There is a superficial irony in the fact that the development of neoclassical liberalism—the ferment of standard libertarianism into its bleeding heart cousin—is in no small measure the product of a longstanding project of libertarian philanthropists to bring the gospel of individual rights, limited government, free markets, and peace to the heights of the ivory tower. The idea, heavily influenced by F.A. Hayek’s essay, “The Intellectuals and Socialism,” has been to help the brightest liberty-minded students get the best possible academic training and give them the tools to succeed in the academy, putting them in a position to teach many hundreds of bright students, some of whom will go on to academic careers of their own, and in their turn teach hundreds of students, and so on, until libertarian ideas spread far and wide and find expression not only in scholarly journals but in bedrooms, board rooms, op-ed pages, committee hearings, voting booths, and on late-night TV.
Converting a niche political theory into cultural common sense, starting from the professoriate, is a long-game strategy. The neoclassical liberal refinement of the libertarian tradition is a sign that it’s working—sort of.
The difficulty is that ideas don’t simply replicate like spores—as Hayek would have been quick to point out. Ideas and moral norms mutate, generation after generation, in response to evidence, argument, and the pressures of history. So it’s basically inevitable that institutions pursuing a multigenerational strategy of ideological reproduction and propagation will, if the strategy is at all successful, eventually find themselves a bit out of sync with the intellectual fruits of their own strategic success.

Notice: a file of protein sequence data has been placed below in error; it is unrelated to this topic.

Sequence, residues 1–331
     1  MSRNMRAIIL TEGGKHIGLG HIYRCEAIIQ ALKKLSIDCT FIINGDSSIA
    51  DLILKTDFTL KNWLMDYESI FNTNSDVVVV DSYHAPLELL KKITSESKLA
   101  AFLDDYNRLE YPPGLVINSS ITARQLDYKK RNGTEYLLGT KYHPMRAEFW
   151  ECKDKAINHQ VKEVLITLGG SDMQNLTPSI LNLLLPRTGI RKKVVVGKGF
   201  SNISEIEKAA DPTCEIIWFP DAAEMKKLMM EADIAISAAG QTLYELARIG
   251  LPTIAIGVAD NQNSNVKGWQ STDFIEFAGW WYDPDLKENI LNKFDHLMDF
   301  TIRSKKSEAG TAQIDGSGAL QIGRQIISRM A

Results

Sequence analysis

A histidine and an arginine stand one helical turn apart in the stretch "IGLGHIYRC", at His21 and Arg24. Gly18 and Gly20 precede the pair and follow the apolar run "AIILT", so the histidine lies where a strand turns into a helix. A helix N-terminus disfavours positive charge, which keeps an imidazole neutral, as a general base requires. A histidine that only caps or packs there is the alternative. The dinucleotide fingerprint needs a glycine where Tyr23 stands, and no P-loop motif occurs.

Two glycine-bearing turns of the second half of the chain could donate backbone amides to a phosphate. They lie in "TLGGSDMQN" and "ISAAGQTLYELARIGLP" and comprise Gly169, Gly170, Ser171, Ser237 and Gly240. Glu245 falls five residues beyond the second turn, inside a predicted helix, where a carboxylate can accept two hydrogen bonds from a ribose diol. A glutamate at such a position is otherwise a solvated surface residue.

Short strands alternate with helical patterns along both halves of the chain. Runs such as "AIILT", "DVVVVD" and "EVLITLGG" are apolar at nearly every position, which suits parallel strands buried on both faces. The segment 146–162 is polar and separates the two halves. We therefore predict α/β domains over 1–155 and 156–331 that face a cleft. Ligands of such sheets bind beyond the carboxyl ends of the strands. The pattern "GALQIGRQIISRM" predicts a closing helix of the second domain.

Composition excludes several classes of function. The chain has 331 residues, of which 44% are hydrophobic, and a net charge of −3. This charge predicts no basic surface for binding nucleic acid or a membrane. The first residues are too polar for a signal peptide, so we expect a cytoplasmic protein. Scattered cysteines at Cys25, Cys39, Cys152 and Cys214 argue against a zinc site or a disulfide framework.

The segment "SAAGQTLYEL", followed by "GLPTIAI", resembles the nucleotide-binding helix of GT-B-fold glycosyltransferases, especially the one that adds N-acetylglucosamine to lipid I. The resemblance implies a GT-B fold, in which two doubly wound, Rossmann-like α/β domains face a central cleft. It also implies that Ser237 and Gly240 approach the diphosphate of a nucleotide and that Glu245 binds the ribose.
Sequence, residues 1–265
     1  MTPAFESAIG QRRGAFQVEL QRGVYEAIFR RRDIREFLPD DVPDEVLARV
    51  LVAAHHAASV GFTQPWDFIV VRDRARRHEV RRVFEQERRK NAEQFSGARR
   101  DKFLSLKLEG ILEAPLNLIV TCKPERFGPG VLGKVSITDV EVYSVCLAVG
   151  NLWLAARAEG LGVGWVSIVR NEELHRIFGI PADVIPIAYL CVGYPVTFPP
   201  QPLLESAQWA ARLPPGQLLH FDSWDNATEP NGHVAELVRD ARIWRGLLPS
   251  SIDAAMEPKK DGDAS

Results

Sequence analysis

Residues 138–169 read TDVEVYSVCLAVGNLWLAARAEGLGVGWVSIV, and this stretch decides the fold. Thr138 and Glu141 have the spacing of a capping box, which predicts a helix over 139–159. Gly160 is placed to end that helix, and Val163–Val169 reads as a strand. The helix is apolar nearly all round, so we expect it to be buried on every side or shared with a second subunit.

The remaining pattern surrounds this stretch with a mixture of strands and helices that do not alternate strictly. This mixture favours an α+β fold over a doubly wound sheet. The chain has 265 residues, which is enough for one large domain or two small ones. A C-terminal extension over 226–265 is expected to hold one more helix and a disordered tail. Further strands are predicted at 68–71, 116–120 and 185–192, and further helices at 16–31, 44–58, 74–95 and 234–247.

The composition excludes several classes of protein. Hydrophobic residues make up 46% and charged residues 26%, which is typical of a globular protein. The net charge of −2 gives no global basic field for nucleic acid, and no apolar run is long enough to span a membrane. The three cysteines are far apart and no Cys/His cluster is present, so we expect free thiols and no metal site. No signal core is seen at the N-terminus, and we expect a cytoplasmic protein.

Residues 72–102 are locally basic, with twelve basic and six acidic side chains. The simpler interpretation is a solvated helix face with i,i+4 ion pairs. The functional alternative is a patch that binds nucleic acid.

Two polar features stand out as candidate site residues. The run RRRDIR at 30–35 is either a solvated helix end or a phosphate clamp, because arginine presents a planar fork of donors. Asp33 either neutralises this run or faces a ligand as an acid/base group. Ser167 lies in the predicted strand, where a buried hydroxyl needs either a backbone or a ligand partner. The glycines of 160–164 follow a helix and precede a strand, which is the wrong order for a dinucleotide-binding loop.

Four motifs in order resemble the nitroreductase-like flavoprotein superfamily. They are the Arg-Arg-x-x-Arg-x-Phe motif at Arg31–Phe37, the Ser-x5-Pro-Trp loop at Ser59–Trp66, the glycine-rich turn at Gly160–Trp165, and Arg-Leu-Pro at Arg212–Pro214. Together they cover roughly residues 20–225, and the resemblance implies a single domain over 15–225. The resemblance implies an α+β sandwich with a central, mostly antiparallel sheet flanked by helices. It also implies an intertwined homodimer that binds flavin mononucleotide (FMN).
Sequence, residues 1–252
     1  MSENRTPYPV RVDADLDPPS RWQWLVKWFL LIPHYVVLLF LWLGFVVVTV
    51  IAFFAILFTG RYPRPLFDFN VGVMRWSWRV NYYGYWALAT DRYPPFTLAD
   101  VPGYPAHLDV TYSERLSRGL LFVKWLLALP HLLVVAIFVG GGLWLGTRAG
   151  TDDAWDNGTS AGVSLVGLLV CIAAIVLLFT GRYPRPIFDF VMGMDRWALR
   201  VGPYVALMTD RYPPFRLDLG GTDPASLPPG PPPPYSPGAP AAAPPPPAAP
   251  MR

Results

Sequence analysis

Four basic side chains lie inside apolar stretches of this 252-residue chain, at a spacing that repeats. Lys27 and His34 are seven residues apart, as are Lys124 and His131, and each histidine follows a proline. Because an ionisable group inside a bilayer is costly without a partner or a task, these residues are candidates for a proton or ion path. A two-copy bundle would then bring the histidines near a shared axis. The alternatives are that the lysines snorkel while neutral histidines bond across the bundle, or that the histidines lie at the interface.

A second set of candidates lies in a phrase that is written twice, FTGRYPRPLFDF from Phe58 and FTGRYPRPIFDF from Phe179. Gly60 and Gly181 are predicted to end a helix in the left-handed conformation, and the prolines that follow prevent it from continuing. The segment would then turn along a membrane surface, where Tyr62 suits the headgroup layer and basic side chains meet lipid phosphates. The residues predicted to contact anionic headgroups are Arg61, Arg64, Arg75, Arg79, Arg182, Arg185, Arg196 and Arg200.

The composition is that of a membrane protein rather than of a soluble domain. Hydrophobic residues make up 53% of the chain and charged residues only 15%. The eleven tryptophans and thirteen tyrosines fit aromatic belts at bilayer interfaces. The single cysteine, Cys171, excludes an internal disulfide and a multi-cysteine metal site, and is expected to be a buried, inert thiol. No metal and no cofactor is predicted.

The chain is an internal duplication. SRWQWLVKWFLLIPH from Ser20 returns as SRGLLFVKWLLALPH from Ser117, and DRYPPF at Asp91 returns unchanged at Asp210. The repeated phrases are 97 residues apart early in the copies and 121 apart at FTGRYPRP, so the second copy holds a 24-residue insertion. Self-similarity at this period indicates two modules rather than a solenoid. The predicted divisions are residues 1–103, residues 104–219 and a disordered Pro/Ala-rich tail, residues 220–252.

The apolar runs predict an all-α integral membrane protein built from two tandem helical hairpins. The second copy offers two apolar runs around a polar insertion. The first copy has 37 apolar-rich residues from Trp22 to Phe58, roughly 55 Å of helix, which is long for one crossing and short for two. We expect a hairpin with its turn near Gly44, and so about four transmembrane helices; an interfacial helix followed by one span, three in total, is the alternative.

The hitch in the strategy is that legacy institutions, rather than eagerly embracing the intellectual results of their own long-haul proselytizing initiatives, might be prone to regard them instead as threatening infections and deploy ideological antibodies to neutralize them. The solution to this problem is the development of new institutions built around the best hard-won revisions in orthodoxy.
Sticklers for ideological detail will say that the problem with this solution, as a solution, is that the whole point of this long-game exercise was to spread the so-called orthodox ideas, not replace them. So this project isn’t really the greatest strategy for those who want to spread a rigid body of political doctrine.
Ideology is monologue. It reproduces without mutation only through a combination of propaganda and rigid in-group/out-group enforcement. Truth-seeking intellectual engagement, however, is dialogue. Serious deliberation in a pluralistic liberal culture tends toward hybrid vigor. So if you help smart young libertarians go to the best grad programs in their fields, they will come face to face with the strongest arguments against their dearly-held views. Some will drop out, some will assimilate to the dominant paradigm, and others will ditch what’s false and build on what’s strong in their convictions. This sort of intellectual adaptation is a feature rather than a bug if the goal is to revive and enlarge the influence of an inclusive and inherently diverse liberal tradition, which is what Hayek had in mind.
Here’s how it actually works, when it does. David Schmidtz (one of my intellectual heroes) goes to a strong philosophy grad program as an Ayn Rand-reading mailman from Alberta. But he’s open-minded, inventively interdisciplinary, and straight-up great at thinking. So he thrives, lands some good gigs, and manages against the odds to get tenure at Yale. By the time he finds himself back at Arizona, teaching where he was trained, he has developed a subtle and sophisticated defense of property rights that is immune to standard left-leaning objections. His open-minded, empirically-focused curiosity about the way property conventions actually do solve collective action problems in the real world ends up establishing the moral necessity of clear property rights in a way more familiar rationalist, libertarian arguments never could quite manage to do.